During my initial conversation with the insured, I was advised that he had hired Atlas Builders & Roofing, a local contractor, to repair two small leaks on the roof. The insured advised that these leaks were present in the front and rear corner of the building. The insured advised that he left town around March 16th, and found severe water damage to the interior of the building when he returned.
I have contacted the insured's roofer, Bill Willis, and discussed the time line of events.
According to Mr. Willis, he arrived at the insured's building on February 24th to address two potential water leaks on the front corner and rear corner of the building. At that time, the roofer had measured the roof and was going to provide an estimate to "recover" the roof. Mr. Willis further advises that he returned to the insured's building on March 18th [i.e., after the storm] to make repairs and found that the roofing seam had been "pulled apart" and that the rubber roofing had been pulled away from the parapet wall.

Doc. no. 16-3 (Evers & Associates, Inc. Report), at ECF 2 (alteration supplied).

         Evers also inspected the property on March 18, 2014. He confirmed water damage to the acoustic ceiling tile and ceiling installation in the interior storage room, and water stains on the exterior block wall. He was unable to access the roof by using the ladder he had with him at the time, so he returned the following day, March 19, 2014, to meet Willis, the roofer, at the property with a taller ladder. Willis accompanied Evers onto the roof, where Evers observed a loose roofing seam between two pieces of rubber roofing above the interior area that had suffered water damage. He also observed an area of rubber roofing that had "pulled away" from the parapet wall near the loose roofing seam, but there were no visible signs of any loose perimeter roof flashing. Evers also confirmed in his written report that "large amounts of water" had seeped under the rubber roof and "wicked" underneath the entire roof cover.[11]

         Willis testified by affidavit that, during his February 25, 2014 inspection, he had observed that the roof seams were "generally intact, were not separated, and the roof was holding water without any significant leakage."[12] At that time, he did not see any seams that needed to be resealed due to separation.[13] However, when Willis re-inspected the roof on March 19, after the weather event, he noticed that some seams had "come apart, " and "had the appearance of having been separated by wind uplift, resulting in water leaking into the building."[14] Willis theorized to Evers that "a strong wind storm has . . . created an 'up draft, ' which pulled the rubber roofing up and away from the building, " and that the '"up draft' caused the roofing seam to 'pull apart'" after the date of Willis's previous inspection. Evers did not express either agreement or disagreement with Willis's theory in his written report. Instead, he opined that "a structural engineer would be helpful to determine whether... there was strong enough wind in the area to have caused an 'up draft' to have damaged the roof cover."[15] He did find that there was "a small amount of wind damage to an aluminum awning" on the property.[16] Even so, plaintiff was not aware of any other buildings in the vicinity suffering wind damage from the same storm.[17]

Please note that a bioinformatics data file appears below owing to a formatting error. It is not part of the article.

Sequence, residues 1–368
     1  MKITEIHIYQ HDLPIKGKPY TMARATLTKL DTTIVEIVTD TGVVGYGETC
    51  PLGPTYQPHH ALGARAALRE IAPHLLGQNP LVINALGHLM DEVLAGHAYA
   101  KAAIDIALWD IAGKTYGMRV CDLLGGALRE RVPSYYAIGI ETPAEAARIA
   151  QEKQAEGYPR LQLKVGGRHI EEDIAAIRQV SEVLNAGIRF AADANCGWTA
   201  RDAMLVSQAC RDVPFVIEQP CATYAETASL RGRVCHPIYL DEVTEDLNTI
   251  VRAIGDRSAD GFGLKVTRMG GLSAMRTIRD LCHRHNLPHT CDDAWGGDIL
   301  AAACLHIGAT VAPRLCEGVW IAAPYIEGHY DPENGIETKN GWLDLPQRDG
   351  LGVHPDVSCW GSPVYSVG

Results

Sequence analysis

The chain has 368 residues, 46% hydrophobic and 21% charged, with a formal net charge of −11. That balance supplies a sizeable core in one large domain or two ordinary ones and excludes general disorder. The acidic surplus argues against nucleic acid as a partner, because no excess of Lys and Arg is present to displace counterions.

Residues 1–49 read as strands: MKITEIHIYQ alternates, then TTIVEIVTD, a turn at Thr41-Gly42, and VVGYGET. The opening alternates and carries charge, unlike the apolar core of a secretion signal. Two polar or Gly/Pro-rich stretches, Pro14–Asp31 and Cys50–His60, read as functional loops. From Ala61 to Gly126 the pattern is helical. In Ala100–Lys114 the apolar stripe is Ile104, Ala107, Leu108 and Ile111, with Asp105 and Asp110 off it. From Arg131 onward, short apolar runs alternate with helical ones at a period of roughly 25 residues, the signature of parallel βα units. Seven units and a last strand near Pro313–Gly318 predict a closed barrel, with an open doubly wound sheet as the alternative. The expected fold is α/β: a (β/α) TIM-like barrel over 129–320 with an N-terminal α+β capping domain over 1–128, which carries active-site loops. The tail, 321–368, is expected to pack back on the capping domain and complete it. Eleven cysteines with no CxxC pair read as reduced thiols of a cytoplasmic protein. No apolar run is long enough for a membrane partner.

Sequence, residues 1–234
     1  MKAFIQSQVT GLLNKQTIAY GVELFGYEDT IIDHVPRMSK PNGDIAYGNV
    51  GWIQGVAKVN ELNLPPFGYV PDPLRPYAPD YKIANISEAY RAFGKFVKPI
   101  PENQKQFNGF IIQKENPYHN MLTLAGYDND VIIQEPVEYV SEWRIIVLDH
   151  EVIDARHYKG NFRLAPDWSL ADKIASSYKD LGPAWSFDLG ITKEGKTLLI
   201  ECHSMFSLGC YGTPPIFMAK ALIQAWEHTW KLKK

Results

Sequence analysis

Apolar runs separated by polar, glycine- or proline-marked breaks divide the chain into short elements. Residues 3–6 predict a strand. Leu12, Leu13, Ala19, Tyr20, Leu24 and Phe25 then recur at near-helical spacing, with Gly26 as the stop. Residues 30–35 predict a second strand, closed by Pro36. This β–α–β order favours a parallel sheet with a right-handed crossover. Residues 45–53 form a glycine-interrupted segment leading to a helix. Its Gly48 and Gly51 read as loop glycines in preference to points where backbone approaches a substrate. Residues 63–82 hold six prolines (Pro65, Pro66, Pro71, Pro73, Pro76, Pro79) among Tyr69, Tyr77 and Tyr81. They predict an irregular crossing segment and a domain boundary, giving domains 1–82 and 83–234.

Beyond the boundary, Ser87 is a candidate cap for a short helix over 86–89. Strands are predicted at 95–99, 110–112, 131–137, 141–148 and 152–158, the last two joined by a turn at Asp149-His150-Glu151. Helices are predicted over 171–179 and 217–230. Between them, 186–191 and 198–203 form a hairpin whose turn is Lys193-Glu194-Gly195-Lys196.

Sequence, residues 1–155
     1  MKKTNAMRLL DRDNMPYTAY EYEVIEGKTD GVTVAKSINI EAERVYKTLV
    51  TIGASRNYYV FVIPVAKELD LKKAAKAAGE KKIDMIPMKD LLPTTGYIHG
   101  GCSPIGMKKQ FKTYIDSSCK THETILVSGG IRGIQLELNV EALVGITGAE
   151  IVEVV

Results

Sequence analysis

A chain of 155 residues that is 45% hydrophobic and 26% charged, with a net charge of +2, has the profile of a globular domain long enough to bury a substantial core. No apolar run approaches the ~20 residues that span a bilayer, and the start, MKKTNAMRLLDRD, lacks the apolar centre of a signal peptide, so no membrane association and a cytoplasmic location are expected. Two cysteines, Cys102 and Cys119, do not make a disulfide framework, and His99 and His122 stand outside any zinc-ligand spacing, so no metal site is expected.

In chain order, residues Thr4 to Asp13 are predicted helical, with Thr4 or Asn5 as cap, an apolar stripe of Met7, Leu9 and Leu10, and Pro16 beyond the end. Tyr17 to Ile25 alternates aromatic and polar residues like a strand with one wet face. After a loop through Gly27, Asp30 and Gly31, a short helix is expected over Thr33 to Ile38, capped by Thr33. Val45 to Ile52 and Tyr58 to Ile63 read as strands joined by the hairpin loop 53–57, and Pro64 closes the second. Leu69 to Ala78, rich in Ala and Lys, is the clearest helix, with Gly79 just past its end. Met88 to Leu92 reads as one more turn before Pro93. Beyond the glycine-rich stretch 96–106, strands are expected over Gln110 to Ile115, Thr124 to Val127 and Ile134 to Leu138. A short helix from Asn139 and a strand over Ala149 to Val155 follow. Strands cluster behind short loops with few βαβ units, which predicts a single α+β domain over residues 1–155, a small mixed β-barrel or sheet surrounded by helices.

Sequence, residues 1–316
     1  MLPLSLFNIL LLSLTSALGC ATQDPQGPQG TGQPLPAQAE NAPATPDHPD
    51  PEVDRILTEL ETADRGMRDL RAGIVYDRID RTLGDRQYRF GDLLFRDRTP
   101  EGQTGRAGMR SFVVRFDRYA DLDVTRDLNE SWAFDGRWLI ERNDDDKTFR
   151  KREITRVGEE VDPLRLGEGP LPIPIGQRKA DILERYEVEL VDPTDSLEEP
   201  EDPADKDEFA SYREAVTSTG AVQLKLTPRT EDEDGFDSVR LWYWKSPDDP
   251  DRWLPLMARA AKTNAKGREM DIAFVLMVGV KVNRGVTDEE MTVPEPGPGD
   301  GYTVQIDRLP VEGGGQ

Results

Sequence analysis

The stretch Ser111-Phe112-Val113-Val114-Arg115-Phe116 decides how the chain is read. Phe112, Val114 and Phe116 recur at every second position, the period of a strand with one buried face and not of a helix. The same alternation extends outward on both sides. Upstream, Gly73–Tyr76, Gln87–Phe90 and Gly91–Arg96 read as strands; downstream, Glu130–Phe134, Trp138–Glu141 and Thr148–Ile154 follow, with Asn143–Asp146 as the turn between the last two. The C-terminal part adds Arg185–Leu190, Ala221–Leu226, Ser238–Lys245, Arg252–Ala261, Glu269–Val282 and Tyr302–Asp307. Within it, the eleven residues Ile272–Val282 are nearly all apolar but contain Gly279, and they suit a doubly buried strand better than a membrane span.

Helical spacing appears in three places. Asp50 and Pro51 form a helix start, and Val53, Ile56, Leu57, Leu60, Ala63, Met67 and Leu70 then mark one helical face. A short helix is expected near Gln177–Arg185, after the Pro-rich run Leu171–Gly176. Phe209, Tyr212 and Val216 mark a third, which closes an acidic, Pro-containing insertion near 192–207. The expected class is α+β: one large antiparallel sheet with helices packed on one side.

Evers did not ask Willis to provide any photographs depicting the condition of the roof before the storm.[18] He also did not take any notes of his conversation with Willis or request Willis to provide a written statement.[19] After Evers rendered his report on March 24, 2014, Auto-Owners did not ask him to do anything else, including re-questioning Willis, researching wind conditions at the time of the incident, or determining whether wind could have caused the seams to separate.[20]

         Instead, Evers' report was forwarded to James Spinks, Auto-Owners' in-house adjuster, who followed Evers' suggestion to engage a structural engineer.[21] Spinks did not take any additional actions to independently verify any of the information Auto-Owners had received from plaintiff, Willis, or Evers.[22] Spinks testified during his deposition that it is his duty as an insurance adjuster to fully investigate every claim, and that he should not stop investigating once he finds a reason to deny the claim.[23]

         Brett T. Burnside, a structural engineer with Donan Engineering Co., Inc., was engaged to inspect the property. He conducted the inspection, accompanied by plaintiff and Willis, on April 3, 2014, and provided a written report on April 8, 2014.[24] Burnside's report provided the following background information:

Mr. Walker stated that he had a leak along the south side of the building, and was in the process of getting estimates for repair. Shortly after receiving the estimates, a storm went through the neighborhood on February 20, 2014. According to him, the storm cause[d] a piece of the metal awning roof to be removed from the front of the building, and a seam on the EPDM roof had separated. He further stated that the separated seam allowed water to enter into the roof causing interior leaks in the warehouse area, which was noticed a few weeks after the storm event. According to him, the storm event caused most of the ceiling tiles in the warehouse area to fall onto the floor. In addition, he pointed out some areas ...